There is some evidence that allowing derivatives can potentially extend the reach of a work. For example, Free Culture has been translated into seven different languages, audio versions are freely available, and it has been put into 16 different file formats [4]. All of these translations and format changes are available for others to download. Allowing others to create derivatives of Free Culture expanded its reach.

In essence there are two types of derivatives. In some cases, such as the Disney derivatives mentioned earlier, the derivatives are creative in nature, adding to the plot and the actions taken by the characters. These types of derivatives are often termed “fan fiction” (Karjala, 2006). Sequels or prequels that build off established characters also fit into this category.

A second type of derivative is that which is intended to extend the readership of the content of an original work. Language translations and audio versions of printed work (or vice versa) fall into this category. File format changes are another type of this derivative. For example, when a person takes a PDF version of a book and converts it to be readable on a Palm device, the resulting derivative may extend the readership of the book. The Internet provides increasing opportunities for people to share these derivative works with others (Tushnet, 1997; Lessig, 2008).

Much research has gone into the motivations of those who create fan fiction (Parrish, 2007; Jenkins, 1992). In this study, I focused on derivatives that extend the readership of an original work. Specifically, I investigated books using Creative Commons licenses that allow for derivative works. I surveyed individuals who have created these types of derivative works in order to find out answers to the following four questions:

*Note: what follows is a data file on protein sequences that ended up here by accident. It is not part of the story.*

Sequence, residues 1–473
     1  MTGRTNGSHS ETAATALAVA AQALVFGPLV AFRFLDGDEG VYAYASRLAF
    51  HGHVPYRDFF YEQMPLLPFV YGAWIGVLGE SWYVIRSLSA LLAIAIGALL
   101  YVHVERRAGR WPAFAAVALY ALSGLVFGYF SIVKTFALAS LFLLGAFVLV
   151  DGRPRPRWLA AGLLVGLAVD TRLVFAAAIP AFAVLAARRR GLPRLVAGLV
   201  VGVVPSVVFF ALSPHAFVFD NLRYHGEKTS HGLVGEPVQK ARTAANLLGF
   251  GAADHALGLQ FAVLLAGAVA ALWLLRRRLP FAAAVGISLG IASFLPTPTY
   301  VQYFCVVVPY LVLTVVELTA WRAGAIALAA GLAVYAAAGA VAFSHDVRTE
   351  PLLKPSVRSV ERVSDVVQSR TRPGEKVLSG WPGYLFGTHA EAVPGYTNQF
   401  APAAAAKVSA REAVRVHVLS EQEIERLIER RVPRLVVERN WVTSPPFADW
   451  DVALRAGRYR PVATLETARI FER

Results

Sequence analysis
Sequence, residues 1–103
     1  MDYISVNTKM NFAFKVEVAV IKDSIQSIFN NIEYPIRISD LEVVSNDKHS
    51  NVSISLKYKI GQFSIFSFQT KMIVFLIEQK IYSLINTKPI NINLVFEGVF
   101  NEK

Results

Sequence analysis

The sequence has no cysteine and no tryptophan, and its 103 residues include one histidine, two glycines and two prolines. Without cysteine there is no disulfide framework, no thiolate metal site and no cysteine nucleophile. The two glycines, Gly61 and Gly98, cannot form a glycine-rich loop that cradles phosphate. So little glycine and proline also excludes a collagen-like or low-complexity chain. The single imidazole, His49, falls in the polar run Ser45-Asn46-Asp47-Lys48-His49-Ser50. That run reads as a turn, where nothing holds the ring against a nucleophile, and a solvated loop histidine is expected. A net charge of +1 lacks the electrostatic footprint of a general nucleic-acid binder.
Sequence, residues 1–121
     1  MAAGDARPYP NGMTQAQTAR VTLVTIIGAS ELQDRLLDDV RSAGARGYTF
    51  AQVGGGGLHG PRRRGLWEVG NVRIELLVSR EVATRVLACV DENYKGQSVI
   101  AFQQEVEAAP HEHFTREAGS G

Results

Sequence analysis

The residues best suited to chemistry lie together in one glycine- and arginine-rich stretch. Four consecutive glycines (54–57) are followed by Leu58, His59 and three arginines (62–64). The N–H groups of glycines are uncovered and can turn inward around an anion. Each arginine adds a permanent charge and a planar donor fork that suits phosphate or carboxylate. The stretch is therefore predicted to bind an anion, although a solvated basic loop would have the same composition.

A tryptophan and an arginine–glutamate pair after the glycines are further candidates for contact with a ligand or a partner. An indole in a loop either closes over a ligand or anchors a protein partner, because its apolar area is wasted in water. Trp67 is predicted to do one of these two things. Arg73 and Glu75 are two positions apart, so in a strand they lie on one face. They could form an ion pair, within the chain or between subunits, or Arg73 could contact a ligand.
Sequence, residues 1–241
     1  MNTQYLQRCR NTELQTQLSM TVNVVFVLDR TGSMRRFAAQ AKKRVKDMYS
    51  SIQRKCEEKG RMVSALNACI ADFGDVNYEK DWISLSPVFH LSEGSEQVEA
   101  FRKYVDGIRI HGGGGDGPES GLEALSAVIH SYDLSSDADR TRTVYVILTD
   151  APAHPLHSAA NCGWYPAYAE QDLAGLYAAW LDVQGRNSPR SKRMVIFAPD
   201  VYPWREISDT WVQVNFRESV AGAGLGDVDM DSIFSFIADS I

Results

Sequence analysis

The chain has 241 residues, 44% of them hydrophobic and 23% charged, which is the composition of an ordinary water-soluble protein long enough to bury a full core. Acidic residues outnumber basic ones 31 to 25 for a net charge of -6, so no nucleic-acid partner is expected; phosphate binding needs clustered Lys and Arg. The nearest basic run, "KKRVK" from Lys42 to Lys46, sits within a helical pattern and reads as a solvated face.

1. What motivates people to create derivatives?
  2. How much time do people spend creating derivatives?
  3. How do creators of derivatives feel about the products they make?
  4. What do creators of derivatives think can be done to encourage others to create derivative works?

The creation of derivative works has the potential to dramatically increase the access to content (Boyle, 2008; Lessig, 2008). Hence, it is important to understand the motivations of those who create derivatives. As we understand what motivates the creators of derivatives and learn more about the work they do, the possibility of increasing the number of derivative works, and therefore access to information, increases.